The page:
Density does not equate to good urbanism. Density is a necessary ingredient, but raw density of jobs, housing, or retail does not create a great street much less a great place. Downtown Atlanta is a classic example where tall towers empty out at 5 pm to create an employment ghetto in the evening, devoid of any street life (unlike neighboring Midtown) and hostile to pedestrian activity.
How hostile? When a friend and I attended a conference there, the topic of which was ironically “walkable urbanism,” he was struck by a car crossing the street to the conference hotel. Thankfully, he rolled over the hood and was uninjured, but the incident is probably replicated too often to not be alarmed.
The same is true of the SouthPark area in Charlotte. Originally a suburban mall on the edge of the city, it has grown to become one of the largest shopping and employment centers in the state. And lately, the level of housing within “walking distance” is quite staggering. (My reason for putting the term “walking distance” in quotes will become clear in a moment.) Hundreds of apartments are rising up or are in the planning stages. New speculative office buildings are on the rise once again after a long hiatus since the recession and it seems the retailers, particularly those at the high end, are falling over themselves to find a place nearby.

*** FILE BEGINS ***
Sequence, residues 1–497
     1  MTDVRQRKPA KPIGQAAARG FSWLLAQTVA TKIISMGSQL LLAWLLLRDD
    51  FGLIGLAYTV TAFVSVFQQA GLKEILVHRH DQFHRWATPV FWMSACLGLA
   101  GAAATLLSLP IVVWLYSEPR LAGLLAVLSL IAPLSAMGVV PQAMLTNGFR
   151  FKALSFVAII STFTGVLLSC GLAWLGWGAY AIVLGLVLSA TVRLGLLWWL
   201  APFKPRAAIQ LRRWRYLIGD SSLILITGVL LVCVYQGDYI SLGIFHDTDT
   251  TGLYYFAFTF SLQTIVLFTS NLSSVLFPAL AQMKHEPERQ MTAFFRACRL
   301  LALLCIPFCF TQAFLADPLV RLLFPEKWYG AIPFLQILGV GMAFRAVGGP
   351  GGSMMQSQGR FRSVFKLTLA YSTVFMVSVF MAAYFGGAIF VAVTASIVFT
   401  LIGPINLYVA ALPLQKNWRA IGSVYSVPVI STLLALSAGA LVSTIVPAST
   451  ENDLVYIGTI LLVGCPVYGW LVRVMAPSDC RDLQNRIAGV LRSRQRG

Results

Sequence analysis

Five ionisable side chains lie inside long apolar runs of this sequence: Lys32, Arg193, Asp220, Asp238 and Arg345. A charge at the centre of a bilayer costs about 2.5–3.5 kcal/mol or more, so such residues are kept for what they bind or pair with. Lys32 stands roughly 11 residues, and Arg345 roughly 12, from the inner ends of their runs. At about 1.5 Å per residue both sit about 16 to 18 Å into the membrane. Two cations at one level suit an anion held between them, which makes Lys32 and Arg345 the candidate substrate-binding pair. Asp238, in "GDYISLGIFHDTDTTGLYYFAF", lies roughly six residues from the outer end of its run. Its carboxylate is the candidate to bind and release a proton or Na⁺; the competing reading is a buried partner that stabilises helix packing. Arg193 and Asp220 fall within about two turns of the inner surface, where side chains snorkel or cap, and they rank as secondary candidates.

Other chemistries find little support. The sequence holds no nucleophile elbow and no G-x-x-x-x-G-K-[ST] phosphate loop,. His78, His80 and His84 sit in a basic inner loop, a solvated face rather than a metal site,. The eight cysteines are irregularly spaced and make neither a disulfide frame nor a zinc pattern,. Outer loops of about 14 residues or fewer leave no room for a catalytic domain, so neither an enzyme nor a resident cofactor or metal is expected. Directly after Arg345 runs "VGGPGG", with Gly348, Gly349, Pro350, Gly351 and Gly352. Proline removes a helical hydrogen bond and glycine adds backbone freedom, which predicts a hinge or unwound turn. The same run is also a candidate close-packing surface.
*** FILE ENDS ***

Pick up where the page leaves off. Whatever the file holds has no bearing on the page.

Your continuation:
Forty years ago, the area was a classic suburban mall district with buildings hardly eclipsing two stories. Today, few new structures are less than five stories with a number of eight to twelve story buildings now rising above the mature willow oak canopy. And, it seems that mixed-use buildings with housing or offices over ground-level retail are becoming more common. Yet, with each new project, all often higher in design quality than the previous, why does each rezoning discussion seem to devolve into a simplistic argument over the management of cars, both parked and moving (Charlotte Observer & Charlotte Business Journal)? And why does being a pedestrian along the main streets of Fairview Road and Sharon Road feel as hostile as in downtown Atlanta?
Perhaps it’s because there is a missing ingredient in the stone soup of great urbanism. The presence of mixed-use buildings and density do not equate to a vibrant, walkable environment that encourages people to shed their cars. As an individual project, they certainly deserve points for advancing the cause. But the recently completed Villages at SouthPark, Piedmont Row, and even the older Phillips Place seem more like cul-de-sacs than they feel like main streets. They are visually and often physically disconnected from the larger street network, create enclaves of dense development, and fail to produce a great street for the community.